I think by nature researchers would want to tell the truth. I think often we are constrained.

One of the things that got me into research in the first place was some really hard knocks through a startup where I had somebody else help me with the usability. However, it didn’t matter what we did, the CEO wasn’t ever going to listen. And this happens quite a lot. You get people in positions of power who think they know everything already there is to know, and they don’t need to hear anything new.

And if the narrative internally in your organization is that way, any research will not really have real impact.

What we’re up against is the fact that people think they know what there is to know, that they’re geniuses and they are going to succeed.

What we’re up against is the lack of humility in the industry.

Generally you get two camps, you get the people who believe in research and you know, who come from the design background and understand the value of it.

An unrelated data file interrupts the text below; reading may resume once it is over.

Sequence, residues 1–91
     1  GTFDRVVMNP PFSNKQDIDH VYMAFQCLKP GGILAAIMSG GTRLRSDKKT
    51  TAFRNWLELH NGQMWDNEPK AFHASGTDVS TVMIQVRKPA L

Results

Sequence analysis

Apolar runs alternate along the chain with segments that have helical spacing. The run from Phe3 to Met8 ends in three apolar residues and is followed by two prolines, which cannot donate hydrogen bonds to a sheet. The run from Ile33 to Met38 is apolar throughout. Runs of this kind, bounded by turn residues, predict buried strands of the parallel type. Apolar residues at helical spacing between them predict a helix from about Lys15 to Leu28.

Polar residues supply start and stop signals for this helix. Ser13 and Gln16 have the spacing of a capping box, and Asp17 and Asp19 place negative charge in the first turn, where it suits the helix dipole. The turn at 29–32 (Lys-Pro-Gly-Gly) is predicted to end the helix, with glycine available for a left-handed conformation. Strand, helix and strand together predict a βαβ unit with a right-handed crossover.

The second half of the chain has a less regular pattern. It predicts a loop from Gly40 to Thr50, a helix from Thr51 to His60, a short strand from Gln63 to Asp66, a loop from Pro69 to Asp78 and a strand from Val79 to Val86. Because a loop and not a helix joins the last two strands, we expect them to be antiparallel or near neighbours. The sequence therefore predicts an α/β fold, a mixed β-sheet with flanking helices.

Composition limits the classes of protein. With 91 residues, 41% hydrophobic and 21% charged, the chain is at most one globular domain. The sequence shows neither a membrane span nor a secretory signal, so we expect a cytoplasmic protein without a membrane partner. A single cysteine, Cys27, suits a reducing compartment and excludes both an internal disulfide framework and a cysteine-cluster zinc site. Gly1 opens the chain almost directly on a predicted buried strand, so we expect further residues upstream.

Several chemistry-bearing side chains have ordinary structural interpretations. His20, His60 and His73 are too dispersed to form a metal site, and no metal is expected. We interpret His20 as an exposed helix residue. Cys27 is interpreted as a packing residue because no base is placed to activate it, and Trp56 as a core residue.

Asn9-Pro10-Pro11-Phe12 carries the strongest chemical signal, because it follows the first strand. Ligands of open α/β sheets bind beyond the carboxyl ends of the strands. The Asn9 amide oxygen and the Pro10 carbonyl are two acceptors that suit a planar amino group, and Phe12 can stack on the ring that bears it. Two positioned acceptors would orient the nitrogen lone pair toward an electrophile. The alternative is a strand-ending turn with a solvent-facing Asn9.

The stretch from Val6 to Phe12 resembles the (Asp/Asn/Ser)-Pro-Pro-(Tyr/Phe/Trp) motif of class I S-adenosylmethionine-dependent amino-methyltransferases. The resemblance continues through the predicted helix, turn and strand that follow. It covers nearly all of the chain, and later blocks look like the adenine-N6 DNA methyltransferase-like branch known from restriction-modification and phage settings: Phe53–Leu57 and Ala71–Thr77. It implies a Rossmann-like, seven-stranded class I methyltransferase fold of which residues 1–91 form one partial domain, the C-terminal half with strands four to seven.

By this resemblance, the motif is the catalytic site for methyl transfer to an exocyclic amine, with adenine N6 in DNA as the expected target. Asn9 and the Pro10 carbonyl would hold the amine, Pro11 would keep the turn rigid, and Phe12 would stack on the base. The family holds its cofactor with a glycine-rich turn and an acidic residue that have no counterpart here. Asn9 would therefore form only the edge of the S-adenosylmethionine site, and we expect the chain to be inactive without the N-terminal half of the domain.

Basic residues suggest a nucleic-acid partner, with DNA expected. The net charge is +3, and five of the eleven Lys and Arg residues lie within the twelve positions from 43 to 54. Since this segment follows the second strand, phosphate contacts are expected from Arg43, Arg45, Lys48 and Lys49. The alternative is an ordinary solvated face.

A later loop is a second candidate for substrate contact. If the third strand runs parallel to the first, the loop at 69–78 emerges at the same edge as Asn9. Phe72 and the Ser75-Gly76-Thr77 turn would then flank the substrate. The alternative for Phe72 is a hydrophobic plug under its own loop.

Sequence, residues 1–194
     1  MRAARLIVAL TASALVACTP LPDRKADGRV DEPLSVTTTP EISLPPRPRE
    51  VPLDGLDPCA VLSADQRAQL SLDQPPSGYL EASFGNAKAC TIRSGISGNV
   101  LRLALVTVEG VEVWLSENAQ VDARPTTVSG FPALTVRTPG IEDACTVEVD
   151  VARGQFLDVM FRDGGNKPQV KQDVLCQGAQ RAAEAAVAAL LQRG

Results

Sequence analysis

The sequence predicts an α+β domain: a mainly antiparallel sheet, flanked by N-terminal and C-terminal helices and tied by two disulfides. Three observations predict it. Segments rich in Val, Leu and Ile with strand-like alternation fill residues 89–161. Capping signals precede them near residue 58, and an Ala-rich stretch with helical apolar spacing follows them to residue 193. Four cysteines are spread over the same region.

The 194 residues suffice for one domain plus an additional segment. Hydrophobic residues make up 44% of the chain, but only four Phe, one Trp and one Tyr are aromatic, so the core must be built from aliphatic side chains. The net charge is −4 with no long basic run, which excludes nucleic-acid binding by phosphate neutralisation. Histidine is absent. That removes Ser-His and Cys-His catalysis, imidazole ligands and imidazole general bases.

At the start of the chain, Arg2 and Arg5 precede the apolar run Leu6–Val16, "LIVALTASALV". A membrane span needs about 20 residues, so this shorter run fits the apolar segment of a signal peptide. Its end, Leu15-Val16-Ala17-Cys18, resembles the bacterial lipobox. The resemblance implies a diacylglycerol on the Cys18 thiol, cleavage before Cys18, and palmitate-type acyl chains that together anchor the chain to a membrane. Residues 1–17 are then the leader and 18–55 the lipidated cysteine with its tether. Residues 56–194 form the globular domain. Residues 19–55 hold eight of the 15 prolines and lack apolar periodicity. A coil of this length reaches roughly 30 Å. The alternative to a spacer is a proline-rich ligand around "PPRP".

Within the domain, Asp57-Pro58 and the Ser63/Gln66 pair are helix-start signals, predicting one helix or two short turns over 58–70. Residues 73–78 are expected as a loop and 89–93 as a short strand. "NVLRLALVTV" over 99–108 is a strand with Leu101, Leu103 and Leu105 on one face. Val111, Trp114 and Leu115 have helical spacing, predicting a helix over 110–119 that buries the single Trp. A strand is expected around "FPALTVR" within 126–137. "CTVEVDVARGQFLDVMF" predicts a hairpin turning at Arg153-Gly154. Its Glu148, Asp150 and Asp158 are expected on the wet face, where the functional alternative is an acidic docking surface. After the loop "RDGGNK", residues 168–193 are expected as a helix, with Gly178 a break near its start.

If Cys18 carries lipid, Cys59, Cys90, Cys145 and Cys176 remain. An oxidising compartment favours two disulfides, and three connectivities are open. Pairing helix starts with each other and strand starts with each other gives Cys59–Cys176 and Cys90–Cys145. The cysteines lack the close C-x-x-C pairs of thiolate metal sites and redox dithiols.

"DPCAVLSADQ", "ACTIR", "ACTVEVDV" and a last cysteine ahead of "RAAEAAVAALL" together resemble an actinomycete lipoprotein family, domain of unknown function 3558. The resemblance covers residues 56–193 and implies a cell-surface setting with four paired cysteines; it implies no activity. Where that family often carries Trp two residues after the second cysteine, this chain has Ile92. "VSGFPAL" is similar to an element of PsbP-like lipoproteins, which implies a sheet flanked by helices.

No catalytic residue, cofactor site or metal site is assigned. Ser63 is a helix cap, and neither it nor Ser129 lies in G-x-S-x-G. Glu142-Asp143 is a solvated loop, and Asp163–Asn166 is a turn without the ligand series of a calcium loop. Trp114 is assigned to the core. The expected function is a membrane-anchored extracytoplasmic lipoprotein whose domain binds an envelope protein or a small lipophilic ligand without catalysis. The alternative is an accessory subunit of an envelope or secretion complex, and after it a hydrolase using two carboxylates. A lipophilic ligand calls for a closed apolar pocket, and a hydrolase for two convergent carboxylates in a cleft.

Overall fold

And then you get the other camp where it’s, yeah, I know this industry, I’ve been doing this for 50 years and sod any research. So you get both. It’s just a lot easier to find the latter than the former sadly.


Thinking back to what Teresa and Gregg said, I had one last question for Steph. Why aren’t companies hiring more researchers?


I think it’s because the truth hurts.


My thanks to Steph Troeth and Maite Otondo, both brilliant researchers I’ve had the pleasure to work with at Clearleft. Now that I know how research is underserved in most organizations, I feel very lucky that at Clearleft research and researchers are an integral part of our process.

In fact, we’re looking for another design researcher right now. Could that be you? Head along to

And thanks for listening.